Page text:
Researchers Sheridan Coakes and Brian Bishop have noted that theories and analyses of social participation focus primarily on the political and formal role of participation. However, their recent research among rural women in six shires of Western Australia showed that persons “find it difficult to separate formal and informal participation, when both have an equally important role to play in community life.” When the women were asked about their involvement in their communities, about 50% referred initially to their informal participation within the community rather than to formal community groups or associations.

Reference: Use a title search (“Defining the nature of participation”) or author search (Coakes) for the full citation.

Forces driving the privatization of information for agriculture.

Steven A. Wolf identified six economic and social forces in his introduction to a recent book featuring this subject:

  • Consolidation and globalization of agriculture and agribusiness, resulting in more in-house information expertise and use of advisory services. At the same time, more part-time and/or small farmers need diverse kinds of information, often outside the traditional extension model.
  • More customized information products (such as computer-aided databases and precision farming) rather than generic sets of regional recommendations. More interactive means of communication (such as internet and cellular technologies).
  • Relaxed trade barriers, lower domestic subsidies and more producers competing internationally for market share. As a result, “farmers and agribusinesses have great incentive to capture the benefits of information and ‘shield’ information from other firms.”
  • More differentiation of farm products and farm inputs, calling for more specialized information.
  • Growing importance of environmental quality, diet and health, greater awareness of agriculture-related risks and resulting need for new kinds of information delivered to varied publics.
  • Declining public investment in agricultural research and extension, resulting in more privatization of research and “marginalization of Extension.”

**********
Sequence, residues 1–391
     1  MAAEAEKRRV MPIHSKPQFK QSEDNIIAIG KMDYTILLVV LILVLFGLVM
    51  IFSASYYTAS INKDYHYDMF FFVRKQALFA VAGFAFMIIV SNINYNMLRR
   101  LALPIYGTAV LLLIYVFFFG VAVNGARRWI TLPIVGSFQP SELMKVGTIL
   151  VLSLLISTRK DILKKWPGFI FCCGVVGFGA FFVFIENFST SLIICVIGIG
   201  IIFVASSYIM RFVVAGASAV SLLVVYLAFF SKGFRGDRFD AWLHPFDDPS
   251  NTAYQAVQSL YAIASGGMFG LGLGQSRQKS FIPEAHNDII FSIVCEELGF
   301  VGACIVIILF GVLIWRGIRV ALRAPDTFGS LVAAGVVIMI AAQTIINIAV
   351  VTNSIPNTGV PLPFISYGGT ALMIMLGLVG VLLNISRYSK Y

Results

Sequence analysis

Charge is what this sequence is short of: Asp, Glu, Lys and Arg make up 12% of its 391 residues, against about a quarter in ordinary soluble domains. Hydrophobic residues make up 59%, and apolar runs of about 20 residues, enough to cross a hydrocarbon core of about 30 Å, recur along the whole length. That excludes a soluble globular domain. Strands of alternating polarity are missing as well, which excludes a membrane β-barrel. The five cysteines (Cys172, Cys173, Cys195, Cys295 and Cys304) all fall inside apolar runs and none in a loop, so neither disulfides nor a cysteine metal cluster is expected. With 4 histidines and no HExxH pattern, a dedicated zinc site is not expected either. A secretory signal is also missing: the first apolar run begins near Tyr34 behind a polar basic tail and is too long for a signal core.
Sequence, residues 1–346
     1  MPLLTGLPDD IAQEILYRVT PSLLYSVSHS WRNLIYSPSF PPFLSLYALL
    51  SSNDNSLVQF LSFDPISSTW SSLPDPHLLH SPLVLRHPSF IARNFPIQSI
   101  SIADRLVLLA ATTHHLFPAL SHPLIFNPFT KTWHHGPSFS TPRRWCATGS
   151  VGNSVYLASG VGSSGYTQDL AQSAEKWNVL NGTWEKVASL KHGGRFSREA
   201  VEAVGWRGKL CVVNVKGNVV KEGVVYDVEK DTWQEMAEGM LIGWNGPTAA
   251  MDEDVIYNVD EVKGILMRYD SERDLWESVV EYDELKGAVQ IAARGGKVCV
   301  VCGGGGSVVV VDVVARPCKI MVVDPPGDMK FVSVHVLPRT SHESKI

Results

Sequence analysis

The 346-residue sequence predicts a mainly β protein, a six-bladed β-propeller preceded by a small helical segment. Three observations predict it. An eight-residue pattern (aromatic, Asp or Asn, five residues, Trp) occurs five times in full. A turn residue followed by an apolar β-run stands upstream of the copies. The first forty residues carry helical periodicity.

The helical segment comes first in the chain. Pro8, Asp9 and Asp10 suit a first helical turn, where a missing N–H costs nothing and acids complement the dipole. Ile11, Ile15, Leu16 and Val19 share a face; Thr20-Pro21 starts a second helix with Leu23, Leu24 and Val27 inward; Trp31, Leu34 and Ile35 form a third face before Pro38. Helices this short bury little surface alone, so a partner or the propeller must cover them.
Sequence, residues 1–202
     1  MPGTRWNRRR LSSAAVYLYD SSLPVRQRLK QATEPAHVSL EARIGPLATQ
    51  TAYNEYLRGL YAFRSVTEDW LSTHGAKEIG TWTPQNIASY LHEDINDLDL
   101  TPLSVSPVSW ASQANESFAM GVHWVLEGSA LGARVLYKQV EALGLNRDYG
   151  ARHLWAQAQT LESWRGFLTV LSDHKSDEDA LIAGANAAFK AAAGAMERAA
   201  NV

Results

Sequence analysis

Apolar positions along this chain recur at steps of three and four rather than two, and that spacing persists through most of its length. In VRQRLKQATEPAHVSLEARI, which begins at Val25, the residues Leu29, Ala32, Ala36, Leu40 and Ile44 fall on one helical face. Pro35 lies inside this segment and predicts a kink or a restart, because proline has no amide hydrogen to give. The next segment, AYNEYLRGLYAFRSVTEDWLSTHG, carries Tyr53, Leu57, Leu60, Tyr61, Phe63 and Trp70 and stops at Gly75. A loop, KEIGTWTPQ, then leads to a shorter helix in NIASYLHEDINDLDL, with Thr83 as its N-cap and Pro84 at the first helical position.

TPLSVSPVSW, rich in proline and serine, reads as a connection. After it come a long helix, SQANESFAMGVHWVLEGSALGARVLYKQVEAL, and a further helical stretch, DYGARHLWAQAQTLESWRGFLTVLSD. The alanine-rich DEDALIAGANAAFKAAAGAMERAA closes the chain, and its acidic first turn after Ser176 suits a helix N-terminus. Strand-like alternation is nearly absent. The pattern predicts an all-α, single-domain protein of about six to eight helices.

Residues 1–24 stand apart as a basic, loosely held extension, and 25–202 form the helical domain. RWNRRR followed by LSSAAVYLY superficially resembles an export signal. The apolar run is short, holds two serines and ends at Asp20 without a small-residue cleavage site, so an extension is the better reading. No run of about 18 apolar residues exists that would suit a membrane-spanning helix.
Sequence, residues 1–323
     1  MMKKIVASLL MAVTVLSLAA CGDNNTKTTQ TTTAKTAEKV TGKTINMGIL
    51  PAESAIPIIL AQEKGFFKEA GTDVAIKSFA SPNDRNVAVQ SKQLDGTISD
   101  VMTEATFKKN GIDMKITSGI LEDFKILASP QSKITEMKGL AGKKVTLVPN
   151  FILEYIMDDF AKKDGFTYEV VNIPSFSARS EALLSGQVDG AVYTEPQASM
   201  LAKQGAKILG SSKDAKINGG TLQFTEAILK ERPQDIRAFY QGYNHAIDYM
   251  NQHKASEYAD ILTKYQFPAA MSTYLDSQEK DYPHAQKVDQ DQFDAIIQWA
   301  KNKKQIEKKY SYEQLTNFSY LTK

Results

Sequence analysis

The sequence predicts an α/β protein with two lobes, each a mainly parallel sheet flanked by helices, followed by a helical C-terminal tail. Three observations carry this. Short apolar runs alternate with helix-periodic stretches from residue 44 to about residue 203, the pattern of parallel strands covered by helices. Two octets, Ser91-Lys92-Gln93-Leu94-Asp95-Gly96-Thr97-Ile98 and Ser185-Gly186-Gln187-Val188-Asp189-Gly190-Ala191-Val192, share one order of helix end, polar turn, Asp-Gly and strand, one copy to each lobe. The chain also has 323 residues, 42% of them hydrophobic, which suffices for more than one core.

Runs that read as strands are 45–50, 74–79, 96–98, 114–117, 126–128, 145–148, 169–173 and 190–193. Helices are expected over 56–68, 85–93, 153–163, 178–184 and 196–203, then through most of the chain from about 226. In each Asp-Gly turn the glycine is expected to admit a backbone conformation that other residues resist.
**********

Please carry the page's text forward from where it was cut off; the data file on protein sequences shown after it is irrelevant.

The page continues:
Reference: Use a title search (“Privatization of information”) or author search (Wolf) for the full citation.

And some time-tested advice to part of the private sector. 

You can see that we close this issue of ACDC News on an historical note. How about this piece of advice from a 1904 issue of Agricultural Advertising magazine?

The well-bred Cow is lady-like
And gentle, mild and bland,
Altho’ sometimes her leg she’ll hike
And kick to beat the band.
Which teaches advertisers they
Must to the Public bow
Or, like the cow, the Public may
Kick up an awful row

Professional activities approaching

April 15-17, 2003
Keep it fresh.” Agri-Marketing Conference and Trade Show at San Diego,California. Sponsored by the National Agri-Marketing Association (NAMA).

June 14-17, 2003
Cool bytes: jazz nights.” Annual meeting of the International Associationof Agricultural Communicators in Education (ACE), National ExtensionTechnology Conference (NETC) and National Agricultural CommunicatorsCommunicators of Tomorrow (ACT) in Kansas City, Missouri.

June 18-22, 2003
“Farming under the public eye.” Meeting of the International Federation of
Agricultural Journalists (IFAJ) at the Agricultural University of Wageningen, The Netherlands.

Best regards and good searching.

Please pass along your reactions, questions and ideas for ACDC. Feel free to invite our help as you search for information. And please suggest (or send) agricultural communications documents that we might add to this collection. We welcome them in hard copy (sent to Ag Com Documentation Center, 69 Mumford Hall, 1301 W. Gregory Drive, Urbana, Illinois 61801) or electronic form (at